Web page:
Cryptogenic Pediatric Ischemic Stroke: What's the Hole Story?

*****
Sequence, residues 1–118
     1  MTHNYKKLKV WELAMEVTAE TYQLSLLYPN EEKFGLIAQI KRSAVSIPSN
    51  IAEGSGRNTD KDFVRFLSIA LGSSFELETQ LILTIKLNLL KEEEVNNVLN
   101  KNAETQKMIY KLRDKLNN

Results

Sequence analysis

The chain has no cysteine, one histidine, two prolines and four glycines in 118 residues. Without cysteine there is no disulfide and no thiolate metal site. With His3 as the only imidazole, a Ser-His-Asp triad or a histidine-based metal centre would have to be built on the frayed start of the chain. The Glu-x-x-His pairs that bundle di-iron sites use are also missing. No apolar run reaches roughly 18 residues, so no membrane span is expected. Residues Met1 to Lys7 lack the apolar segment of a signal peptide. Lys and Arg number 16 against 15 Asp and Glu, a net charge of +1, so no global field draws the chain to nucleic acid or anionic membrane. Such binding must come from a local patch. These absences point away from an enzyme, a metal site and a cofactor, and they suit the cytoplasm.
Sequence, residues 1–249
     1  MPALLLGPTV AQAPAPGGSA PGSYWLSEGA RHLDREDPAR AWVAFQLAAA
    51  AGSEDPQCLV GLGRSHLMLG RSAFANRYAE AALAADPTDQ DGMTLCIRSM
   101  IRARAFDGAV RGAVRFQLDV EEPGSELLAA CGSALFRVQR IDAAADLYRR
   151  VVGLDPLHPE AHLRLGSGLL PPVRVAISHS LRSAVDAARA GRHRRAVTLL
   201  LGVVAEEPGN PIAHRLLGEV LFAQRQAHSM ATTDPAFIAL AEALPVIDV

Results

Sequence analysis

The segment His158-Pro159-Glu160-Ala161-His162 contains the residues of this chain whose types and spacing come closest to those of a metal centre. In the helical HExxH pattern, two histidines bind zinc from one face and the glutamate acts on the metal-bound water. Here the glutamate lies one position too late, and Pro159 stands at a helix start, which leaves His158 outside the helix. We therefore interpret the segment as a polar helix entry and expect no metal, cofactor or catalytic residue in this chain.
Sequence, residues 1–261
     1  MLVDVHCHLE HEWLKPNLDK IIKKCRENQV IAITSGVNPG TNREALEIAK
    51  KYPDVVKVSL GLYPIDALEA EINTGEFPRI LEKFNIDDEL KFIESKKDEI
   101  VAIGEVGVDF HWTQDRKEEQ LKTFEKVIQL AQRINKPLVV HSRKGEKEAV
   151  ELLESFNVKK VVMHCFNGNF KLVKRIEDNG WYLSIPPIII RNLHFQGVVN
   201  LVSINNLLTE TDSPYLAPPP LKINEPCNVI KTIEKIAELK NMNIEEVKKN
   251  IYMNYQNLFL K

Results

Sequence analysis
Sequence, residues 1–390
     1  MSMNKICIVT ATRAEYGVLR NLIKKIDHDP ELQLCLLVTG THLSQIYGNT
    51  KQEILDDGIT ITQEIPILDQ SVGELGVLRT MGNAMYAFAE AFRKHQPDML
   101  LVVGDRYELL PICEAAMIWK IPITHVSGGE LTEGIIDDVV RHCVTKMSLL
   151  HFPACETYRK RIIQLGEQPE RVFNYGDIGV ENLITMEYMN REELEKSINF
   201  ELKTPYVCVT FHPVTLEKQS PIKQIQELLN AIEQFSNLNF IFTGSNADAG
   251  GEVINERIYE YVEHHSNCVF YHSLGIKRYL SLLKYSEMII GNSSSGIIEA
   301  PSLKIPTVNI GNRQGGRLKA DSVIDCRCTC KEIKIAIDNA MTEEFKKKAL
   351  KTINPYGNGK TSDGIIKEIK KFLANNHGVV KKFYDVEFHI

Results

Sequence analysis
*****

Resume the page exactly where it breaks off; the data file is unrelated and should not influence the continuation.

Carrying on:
Stroke is an underrecognized cause of morbidity and mortality in children. When the reason for stroke remains undetermined (cryptogenic), implementation of appropriate secondary prevention strategies is hindered, potentially leaving the child vulnerable to future ischemic events and related disability. Unfortunately, approximately one-third of childhood strokes are cryptogenic, a higher proportion than in young adults.1 The contribution of patent foramen ovale (PFO) to cryptogenic stroke, as well as the role of PFO closure in stroke secondary prevention, has long been a controversial topic, with a recent review summarizing key adult literature.2 Multiple randomized, open-label trials demonstrated that PFO closure reduces recurrent stroke risk in a subset of young adults with cryptogenic strokes compared with antiplatelet therapy alone.3-5 These trials underpin the 2020 American Academy of Neurology practice advisory stating that clinicians may recommend PFO closure for patients <60 years of age with a PFO and embolic-appearing infarct when no other mechanisms of stroke are identified.6 The Risk of Paradoxical Embolism score, validated in patients ≥18 years of age, can be used to identify patients whose cryptogenic strokes are likely causally linked to their PFO.7 The score is weighted to assign more points to younger patients, implicating PFO in stroke pathogenesis more often in the young, especially those without other vascular risk factors. These advances in our understanding of the role of PFO in cryptogenic stroke in adults, especially in younger adults, makes this area ripe for investigation in children and begs the question: does PFO play a pathogenic role in childhood stroke?

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